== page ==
Republican leader Kevin McCarthy repeatedly fell short in his campaign to become Speaker of the US House of Representatives on a day marked by intense political drama.
On Tuesday evening, the House adjourned without electing a Speaker, the first time this had happened since the first round of elections in 1923.
The beginning of a new Congress was meant to be the Republican Party’s victory lap after winning control of the lower chamber in the elections held in November. Instead, Mr. McCarthy encountered an internal uprising and made history for all the wrong reasons.
The California congressman has so far lost three consecutive votes for Speaker, and it’s uncertain how he might succeed when the House reconvenes on Wednesday. They will keep voting until a majority is reached.
Analysts caution that even if Mr. McCarthy finds a way, the unrest on the House floor portends a turbulent two years of conflict between moderate and right-wing Republicans.
The capacity of the House to carry out some of its key duties, such as enacting spending bills or raising the debt ceiling, could be hampered if the Republican party is unable to effectively control the lower body of Congress.
Negotiations gave him a weak appearance.
Republicans narrowly took control of the House in November, therefore Mr. McCarthy’s campaign to become Speaker was successful with a small margin of victory. That made it possible for a group of staunch conservatives to unite and reject his nomination.
Republicans who follow politics claim that the gap has been building for a while.
One Republican lobbyist who wanted to talk openly about Tuesday’s vote sought anonymity. “Kevin McCarthy has not made friends with some sectors of the caucus for a while, he’s made a lot of enemies,” the lobbyist said. There are others who dislike him for both personal and political grounds.
McCarthy engaged in conversations with those who oppose him because they believe he is too mainstream and power-hungry, making concessions in an effort to earn their support. He apparently agreed to amend the House rules at one time to make it simpler to remove a Speaker who is in office, giving his rivals a significant check on his authority.
The Republican lobbyist claimed that the fact that the man was even negotiating with the Republicans “made him look very, very weak to the point of being desperate.”
His adversaries grow more confident
On Tuesday, it became apparent that the strategy was fruitless.
Mr. McCarthy failed to receive the necessary 218 votes in three consecutive votes. Republicans currently command 222 seats, but a group of 19 hard-right Republicans have united to oppose him. They disagree with Mr. McCarthy on intellectual and personal grounds, but they also see a chance to take advantage of the Republican Party’s slim majority to compel him to make further compromises.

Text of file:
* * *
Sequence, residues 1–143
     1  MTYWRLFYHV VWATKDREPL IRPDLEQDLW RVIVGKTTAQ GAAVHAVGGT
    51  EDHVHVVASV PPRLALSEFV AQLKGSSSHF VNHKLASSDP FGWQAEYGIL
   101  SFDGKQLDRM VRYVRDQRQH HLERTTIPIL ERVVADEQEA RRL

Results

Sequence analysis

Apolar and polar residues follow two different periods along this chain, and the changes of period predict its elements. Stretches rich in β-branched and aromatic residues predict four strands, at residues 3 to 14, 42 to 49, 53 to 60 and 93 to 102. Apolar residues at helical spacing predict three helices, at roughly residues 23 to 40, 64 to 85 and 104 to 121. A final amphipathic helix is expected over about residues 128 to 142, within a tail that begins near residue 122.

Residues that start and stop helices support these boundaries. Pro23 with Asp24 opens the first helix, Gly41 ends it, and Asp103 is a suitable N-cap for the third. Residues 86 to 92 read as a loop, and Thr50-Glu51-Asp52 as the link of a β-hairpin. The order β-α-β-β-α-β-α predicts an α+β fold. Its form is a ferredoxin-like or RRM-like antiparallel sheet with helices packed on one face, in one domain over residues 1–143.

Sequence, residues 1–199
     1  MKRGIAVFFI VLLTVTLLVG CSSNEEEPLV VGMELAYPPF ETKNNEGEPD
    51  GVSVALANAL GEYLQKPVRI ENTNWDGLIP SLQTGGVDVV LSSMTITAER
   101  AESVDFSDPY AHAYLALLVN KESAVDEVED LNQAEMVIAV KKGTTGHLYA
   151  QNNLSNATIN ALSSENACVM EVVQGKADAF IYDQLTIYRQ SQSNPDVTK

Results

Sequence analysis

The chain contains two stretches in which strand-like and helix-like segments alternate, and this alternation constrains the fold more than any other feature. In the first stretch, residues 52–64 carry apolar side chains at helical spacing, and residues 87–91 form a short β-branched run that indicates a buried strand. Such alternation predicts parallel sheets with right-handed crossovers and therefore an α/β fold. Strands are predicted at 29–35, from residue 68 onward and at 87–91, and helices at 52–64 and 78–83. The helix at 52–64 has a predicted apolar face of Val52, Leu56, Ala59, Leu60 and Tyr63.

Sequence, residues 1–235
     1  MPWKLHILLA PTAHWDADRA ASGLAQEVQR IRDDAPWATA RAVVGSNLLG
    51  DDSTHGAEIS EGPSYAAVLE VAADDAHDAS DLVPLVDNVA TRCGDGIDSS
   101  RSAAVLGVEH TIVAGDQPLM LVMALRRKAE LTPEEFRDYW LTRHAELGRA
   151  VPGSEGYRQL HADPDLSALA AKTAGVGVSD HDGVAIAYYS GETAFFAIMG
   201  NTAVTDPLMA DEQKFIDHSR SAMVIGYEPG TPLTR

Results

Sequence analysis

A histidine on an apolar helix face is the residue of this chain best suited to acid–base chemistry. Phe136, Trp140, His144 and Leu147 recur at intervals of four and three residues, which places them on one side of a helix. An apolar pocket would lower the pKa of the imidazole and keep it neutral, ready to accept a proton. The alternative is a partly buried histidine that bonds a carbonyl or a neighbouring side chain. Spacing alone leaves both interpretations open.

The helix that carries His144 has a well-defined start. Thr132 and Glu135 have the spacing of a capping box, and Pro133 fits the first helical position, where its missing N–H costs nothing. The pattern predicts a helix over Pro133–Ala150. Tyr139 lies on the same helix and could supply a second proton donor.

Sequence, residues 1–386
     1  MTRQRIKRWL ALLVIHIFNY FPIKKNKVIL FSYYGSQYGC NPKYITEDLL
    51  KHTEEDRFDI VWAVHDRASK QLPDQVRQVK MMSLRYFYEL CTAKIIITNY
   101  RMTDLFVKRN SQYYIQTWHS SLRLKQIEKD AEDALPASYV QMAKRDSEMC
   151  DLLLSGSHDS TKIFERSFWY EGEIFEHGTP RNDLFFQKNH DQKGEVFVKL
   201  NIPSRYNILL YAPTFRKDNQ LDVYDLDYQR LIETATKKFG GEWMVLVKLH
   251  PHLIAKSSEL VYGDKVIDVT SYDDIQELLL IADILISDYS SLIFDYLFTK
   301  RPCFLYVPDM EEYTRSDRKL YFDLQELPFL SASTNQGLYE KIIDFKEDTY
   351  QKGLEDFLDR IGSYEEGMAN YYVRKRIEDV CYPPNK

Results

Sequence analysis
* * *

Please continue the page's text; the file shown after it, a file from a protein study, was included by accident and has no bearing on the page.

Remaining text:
Representative Rob Good, a Republican from Virginia, assured reporters on Tuesday that they will “never back down.”
Just moments after Representative Jim Jordan proposed Mr. McCarthy for Speaker, they even nominated Mr. Jordan’s challenger, Rep. Jim Jordan, in one of the day’s most dramatic moments.
In the third round of voting, even though Mr. Jordan, a prominent member of the hard-right Freedom Caucus, asked Republicans to “unite around” Mr. McCarthy, 20 Republicans still voted for Mr. Jordan, denying Mr. McCarthy the victory.
In the meantime, Democrats stuck together behind their party’s new leader, New York Representative Hakeem Jeffries.
A few couldn’t resist publicly making fun of their Republican counterparts’ trying afternoon. Democrats were “breaking the popcorn out,” claimed one congressman, Ruben Gallego of Arizona, in a tweet that included a picture of the snack as proof.
What choices does McCarthy currently have?
Theoretical speculation about how this could all turn out has started among political analysts in Washington. Their forecasts to the BBC ranged from the realistic (Mr. McCarthy fights through and prevails, but leaves the contest very depleted) to the completely improbable (he bows out and backs his second in command, Representative Steve Scalise of Louisiana). One suggestion was almost fantastical (five Republicans decide to vote for Mr Jeffries, a Democrat, and deliver him control of the House).
Right now, according to Ruth Bloch Rubin, a political scientist at the University of Chicago who specialises in polarisation, Mr. McCarthy is “basically prisoner to one wing of his party.”
Although Mr. McCarthy has vowed to stop making concessions, he might not have a choice. He might offer lucrative committee assignments or new leadership positions in an effort to sway recalcitrant lawmakers.
Aaron Cutler, a lobbyist who had worked for former congressman Eric Cantor, another politician who was overthrown by conservative opposition, said: “He’s got to give the people who are against him something to hang their hat on.” However, the second Republican lobbyist was of the opinion that there was “absolutely no path to victory, period.”
On Wednesday, members will meet once more, although it’s uncertain whether the impasse will end.
Representative Lauren Boebert of Colorado, one of the conservative holdouts, told reporters: “We haven’t heard anything fresh from McCarthy so I suppose we’ll just carry on as before.”
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